air and save 2,000 pounds of CO2 a year, but you can strategise where you place them so they can shade your home, reducing your air conditioning bill by 10 to 15 per cent.
24. Switch to green power
Opt for a location where you have the option of energy generated by clean, renewable sources such as wind and solar. Successfully combating global warming requires a national transition to renewable energy sources such as solar, wind and biomass. These technologies are ready to be deployed more widely, once regulatory barriers are removed.
25. Buy locally grown and produced foods where possible
This saves on the transportation costs and helps keep funds within your country.
26. Buy fresh foods instead of frozen
Frozen food uses 10 times more energy to produce.
27. Seek out and support local farmers markets
They reduce the amount of energy required to grow and transport the food to you by 1/5. If you seek and go to farmer’s markets, you reduce the amount of fuel consumed by trucks and planes bringing in food and stuff from other countries, or from distant parts of your own country.
28. Buy organic foods as much as possible
Organic soils capture and store carbon dioxide at much higher levels than soils from conventional farms. If we grew all of our corn and soybeans organically, we’d remove 580 billion pounds of CO2 from the atmosphere!
29. Eat less meat
Methane is the second most significant greenhouse gas and cows are one of the greatest methane emitters.
Their grassy diet and multiple stomachs cause them to produce methane, which they exhale with every breath. The international meat industry generates roughly 18 per cent of the world’s greenhouse-gas emissions- even more than transportation.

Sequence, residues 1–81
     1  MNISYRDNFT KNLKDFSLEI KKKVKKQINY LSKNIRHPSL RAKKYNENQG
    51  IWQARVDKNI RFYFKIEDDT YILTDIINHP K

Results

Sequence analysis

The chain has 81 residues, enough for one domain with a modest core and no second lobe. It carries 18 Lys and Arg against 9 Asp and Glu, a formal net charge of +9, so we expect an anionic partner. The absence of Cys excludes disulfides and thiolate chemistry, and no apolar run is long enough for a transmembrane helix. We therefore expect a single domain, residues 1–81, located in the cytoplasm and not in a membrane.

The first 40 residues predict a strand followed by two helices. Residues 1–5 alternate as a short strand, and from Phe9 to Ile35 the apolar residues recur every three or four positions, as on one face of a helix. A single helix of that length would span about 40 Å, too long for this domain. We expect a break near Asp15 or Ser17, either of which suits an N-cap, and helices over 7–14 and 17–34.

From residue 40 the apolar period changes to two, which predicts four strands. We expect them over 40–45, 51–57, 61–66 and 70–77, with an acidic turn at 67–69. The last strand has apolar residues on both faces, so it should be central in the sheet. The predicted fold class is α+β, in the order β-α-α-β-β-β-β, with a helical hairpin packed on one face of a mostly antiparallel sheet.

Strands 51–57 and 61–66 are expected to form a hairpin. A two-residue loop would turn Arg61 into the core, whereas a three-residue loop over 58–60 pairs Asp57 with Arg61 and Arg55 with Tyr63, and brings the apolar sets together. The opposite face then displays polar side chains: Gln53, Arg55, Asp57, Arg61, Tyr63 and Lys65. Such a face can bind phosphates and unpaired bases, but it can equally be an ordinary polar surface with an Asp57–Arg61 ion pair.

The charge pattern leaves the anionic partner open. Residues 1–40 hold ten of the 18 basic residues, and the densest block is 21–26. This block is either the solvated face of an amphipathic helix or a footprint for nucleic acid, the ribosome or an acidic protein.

30. Drive less
Avoiding just 10 miles of driving every week would eliminate about 500 pounds of CO2 emissions a year! Look for transit options in your city. Sharing a ride with someone just two days a week will reduce your carbon dioxide emissions by 1,590 pounds a year.
31. Don’t leave an empty roof rack on your car
This can increase fuel consumption and CO2 emissions by up to 10 per cent due to wind resistance and the extra weight.
32. Keep your car tuned up
Regular maintenance helps improve fuel efficiency and reduces emissions. When just one per cent of car owners properly maintain their cars, nearly a billion pounds of carbon dioxide are kept out of the atmosphere.
33. Drive carefully and do not waste fuel
You can reduce CO2 emissions by readjusting your driving style. Choose proper gears, do not abuse the gas pedal, use the engine brake instead of the pedal brake when possible, and turn off your engine when your vehicle is motionless for more than one minute. These simple adjustments to your driving style can save money on both fuel and car maintenance.
34. Make sure your tyres are properly inflated
Proper tyre inflation can improve gas mileage by more than three per cent. Since every gallon of fuel saved keeps 20 pounds of carbon dioxide out of the atmosphere, every increase in fuel efficiency makes a difference!
35. Choose a more fuel-efficient
vehicle You can save 3,000 pounds of carbon dioxide every year if your car gets only three miles per gallon more than your current one. You can get up to 60 miles per gallon with a hybrid!